Coping Personally in a Downturn

With a son in law school and a daughter in college, 54-year-old Frank Stevens, believes his professional life is about to unravel.

Stevens, a salesman in the high-tech sector, senses that the consulting company he works for is going to shut down, unable to compete in the tightening economy.

Although the 6-month-old Southern California firm is a subsidiary of a major company in the Midwest, Stevens — who asked that his real name not be used — says the start-up satellite business doesn't have the marketing or advertising dollars from the company necessary to grow.

"They don't have money," says Stevens, who sells the company's computer networking services. "They are cutting back."

He took the job, after 20 years at another major corporation, because of the high salary and the bracing challenge. Now, he has withdrawn $40,000 from his seven-figure savings, because the sales commissions he depended on have dried up. He is selling real estate to pay off debt. And he's looking for a new job.

Changing Times

One day it's Sears, Roebuck & Co. cutting thousands of jobs. Then, it's Rupert Murdoch "consolidating" the Fox News online division, where hundreds were handed pink slips. After almost a decade of growth, an economic slowdown appears to be coming to both traditional and new-economy businesses in the United States. Although the unemployment figures are still very low, there's instability, signs of possible turmoil and worry.

Most Americans don't save money, let alone prepare for financial doldrums. But soon they may have to adjust to a shrinking economy with fewer jobs and less disposable income. For some people it will be déjà vu all over again, reliving the 1982 and 1991 downturns, which eventually reversed. For younger workers used to moving around freely, it may be their first experience of shrinking opportunity.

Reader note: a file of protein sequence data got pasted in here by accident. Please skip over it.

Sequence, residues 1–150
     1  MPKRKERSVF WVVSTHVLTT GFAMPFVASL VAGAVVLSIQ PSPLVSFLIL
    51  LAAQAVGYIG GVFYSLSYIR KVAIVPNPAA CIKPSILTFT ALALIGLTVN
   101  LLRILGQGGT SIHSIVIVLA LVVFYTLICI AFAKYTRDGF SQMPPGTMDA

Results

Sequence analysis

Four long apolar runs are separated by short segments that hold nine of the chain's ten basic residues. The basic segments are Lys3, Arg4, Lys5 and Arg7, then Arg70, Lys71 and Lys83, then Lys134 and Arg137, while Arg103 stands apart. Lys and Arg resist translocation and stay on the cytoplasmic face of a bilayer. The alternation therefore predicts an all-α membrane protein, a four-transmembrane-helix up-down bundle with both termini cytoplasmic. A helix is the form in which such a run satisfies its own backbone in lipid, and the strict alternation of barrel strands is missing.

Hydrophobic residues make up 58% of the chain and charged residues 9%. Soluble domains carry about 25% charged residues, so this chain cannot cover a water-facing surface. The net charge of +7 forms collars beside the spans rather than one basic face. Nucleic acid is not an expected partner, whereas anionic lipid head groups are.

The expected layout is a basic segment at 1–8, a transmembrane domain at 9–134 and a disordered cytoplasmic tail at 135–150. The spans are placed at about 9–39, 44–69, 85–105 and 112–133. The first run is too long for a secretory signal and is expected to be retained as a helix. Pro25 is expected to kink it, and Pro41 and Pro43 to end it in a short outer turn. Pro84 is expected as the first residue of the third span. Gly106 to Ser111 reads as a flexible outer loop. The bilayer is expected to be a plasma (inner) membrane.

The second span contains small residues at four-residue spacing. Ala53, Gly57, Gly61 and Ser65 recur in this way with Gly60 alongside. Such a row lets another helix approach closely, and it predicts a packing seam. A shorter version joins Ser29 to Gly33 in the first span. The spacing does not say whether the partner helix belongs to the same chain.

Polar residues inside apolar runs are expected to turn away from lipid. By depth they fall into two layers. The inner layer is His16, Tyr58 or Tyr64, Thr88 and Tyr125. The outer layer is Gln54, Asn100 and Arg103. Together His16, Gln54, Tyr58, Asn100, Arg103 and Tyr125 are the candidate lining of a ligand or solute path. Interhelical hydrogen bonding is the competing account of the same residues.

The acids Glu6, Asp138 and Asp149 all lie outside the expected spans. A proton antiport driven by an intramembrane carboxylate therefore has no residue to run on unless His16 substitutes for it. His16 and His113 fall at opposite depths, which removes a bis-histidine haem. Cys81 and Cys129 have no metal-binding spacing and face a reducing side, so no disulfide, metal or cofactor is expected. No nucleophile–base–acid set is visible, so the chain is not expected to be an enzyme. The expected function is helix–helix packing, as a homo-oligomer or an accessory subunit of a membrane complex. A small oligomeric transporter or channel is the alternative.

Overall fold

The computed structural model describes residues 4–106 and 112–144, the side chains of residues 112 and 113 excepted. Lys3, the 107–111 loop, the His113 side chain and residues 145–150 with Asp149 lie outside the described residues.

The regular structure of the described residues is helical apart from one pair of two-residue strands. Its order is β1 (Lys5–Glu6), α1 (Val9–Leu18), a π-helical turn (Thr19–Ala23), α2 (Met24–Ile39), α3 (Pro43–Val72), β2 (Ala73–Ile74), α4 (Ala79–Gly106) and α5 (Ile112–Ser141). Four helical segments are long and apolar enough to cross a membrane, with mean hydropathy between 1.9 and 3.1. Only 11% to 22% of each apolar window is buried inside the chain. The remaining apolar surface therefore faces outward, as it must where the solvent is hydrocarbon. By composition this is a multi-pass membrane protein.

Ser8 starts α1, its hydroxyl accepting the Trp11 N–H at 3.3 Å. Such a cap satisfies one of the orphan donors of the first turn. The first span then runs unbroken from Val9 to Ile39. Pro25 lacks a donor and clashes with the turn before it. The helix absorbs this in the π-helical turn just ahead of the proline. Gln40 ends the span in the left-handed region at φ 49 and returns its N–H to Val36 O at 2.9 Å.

While such conditions could initially discourage and depress people, psychologists with expertise in financial issues say it's not all doom and gloom: Business cycles are inevitable, and dips help society return to core values of family, friends and community. Eventually, philanthropy, banding together and frugality become fashionable in lean times, as consumerism was trendy in booms.

Economists tell us the economy is slowing down, but not quite as badly as prior downturns of the past two decades, when growth lingered at 1.5 percent. The Commerce Department, in its latest figures, reports the third quarter U.S. gross domestic product last year was only 2.2 percent. That's down sharply from a 5.6 percent rate set in the second quarter, and is the slowest growth in four years.

Still, don't start using the R-word — we're not experiencing a recession, which is defined as two consecutive quarters with negative economic growth.

Setting Priorities

At times like these, psychologists say the most important thing is not to panic. People need to take a realistic look at their finances and consider the worst.

"When money starts getting tighter, people have to start looking at their budgets and determine what they can do without," says Maurice Elvekrog, a psychologist and chartered financial analyst from Bloomfield Hills, Mich. "Parents should talk to their children about economizing, explaining that they may have to do without some things but that the family will remain together and manage."

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